The Deity and offices of the Holy Ghost have often been exhibited in my discourses in this town; but these
things have never been made an entire and distinct subject. The doctrine of the Supreme Divinity and operations of the Spirit, is, however, of sufficient magnitude to claim such a share of attention. In connection with what our minds have been upon for a series of sabbaths, the present subject will be pertinent.
The distinct personality, and peculiar offices of the Divine Spirit, have been flatly denied by many in this place; and by those, who, on many accounts, have a claim on our esteem. To establish and illustrate these sublime and interesting truths, will, therefore, be the definite object in the discussion of this passage. Your close attention is required, while an attempt is made.
I. To support the Personality of the Holy Ghost. This doctrine is fully contained in the text, and expressed with force and perspicuity. The Spirit is represented in it as commanding, and designating Himself by the personal pronouns, I, and me; saying, "Separate me Barnabas and Saul, for the work whereunto I have called them."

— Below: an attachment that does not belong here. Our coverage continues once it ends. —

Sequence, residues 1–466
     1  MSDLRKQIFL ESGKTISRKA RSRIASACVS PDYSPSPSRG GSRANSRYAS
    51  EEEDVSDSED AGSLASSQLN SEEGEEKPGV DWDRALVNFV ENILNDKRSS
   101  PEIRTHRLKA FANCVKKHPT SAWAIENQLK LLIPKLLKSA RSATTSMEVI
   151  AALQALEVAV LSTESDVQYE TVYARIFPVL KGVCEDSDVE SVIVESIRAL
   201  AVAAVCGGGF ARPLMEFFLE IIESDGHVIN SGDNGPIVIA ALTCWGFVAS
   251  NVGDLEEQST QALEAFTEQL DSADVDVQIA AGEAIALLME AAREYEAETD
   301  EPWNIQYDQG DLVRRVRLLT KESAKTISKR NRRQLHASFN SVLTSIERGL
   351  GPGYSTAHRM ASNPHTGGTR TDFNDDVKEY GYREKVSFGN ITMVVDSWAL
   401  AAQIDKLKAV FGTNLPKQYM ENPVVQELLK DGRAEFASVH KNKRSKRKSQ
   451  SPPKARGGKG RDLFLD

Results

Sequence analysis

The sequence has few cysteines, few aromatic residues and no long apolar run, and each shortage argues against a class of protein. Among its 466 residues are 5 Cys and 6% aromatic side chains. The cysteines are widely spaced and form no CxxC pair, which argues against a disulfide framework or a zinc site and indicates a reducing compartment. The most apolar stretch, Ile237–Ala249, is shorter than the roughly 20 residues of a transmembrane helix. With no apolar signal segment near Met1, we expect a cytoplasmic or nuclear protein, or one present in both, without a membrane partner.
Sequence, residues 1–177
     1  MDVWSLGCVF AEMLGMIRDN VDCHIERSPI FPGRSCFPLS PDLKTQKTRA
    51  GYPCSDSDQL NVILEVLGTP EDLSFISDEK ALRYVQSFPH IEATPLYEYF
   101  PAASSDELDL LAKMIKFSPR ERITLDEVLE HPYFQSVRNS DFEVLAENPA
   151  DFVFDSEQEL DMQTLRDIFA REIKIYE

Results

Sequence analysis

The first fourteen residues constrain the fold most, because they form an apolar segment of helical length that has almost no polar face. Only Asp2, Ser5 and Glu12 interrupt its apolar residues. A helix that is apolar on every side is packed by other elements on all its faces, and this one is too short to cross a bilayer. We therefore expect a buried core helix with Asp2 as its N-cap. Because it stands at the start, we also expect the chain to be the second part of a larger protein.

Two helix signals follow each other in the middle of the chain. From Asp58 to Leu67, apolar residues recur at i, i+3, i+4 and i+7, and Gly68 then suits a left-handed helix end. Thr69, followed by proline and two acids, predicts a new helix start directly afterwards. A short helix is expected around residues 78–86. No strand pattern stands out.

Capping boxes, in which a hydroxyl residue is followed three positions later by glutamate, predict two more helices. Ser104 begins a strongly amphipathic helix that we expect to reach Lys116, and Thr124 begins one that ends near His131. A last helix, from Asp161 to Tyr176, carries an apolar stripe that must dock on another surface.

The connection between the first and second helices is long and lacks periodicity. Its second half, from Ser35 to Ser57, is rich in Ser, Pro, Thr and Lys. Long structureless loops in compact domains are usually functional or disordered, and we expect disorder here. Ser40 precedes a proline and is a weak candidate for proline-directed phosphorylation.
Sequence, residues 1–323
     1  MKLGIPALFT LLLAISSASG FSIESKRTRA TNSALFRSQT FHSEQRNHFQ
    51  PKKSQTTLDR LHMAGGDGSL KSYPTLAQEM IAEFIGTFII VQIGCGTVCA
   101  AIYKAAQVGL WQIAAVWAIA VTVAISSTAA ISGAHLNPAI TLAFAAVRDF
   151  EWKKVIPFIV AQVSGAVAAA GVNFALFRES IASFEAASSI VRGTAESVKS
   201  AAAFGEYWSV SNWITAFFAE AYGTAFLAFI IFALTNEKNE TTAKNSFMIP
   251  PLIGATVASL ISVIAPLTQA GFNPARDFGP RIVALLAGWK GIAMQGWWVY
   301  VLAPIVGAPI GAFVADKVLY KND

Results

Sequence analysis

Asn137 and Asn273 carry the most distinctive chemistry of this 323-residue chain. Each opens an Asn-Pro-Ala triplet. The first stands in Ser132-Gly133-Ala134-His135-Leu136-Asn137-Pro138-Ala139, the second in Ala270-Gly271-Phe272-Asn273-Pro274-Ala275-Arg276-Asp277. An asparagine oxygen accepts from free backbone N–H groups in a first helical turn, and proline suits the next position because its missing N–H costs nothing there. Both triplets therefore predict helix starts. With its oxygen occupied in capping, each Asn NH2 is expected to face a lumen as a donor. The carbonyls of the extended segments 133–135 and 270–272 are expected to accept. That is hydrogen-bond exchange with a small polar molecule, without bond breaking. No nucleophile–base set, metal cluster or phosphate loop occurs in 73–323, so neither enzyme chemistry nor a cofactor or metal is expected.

Our opponents frequently boast, that in the sacred narrative, called “The Acts of the Apostles," there is an entire silence in respect to Trinitarian doctrine; and that the whole of that history is formed on the simple principles of strict Unitarianism. But the text before us, evidently contains that which involves every Trinitarian sentiment. Nor is the passage which we have chosen as the present theme, a solitary instance of Trinitarianism; as we might easily show, if that were consistent with the present design. In our text, the Spirit is called "the Holy Ghost;" and this is the very name which He bears in 1 John 5. 7. As our Anti-Trinitarian friends object to this name, it is the more necessary that we should insist upon it, and more frequently use it, when we speak of the third Person of the ever blessed Trinity.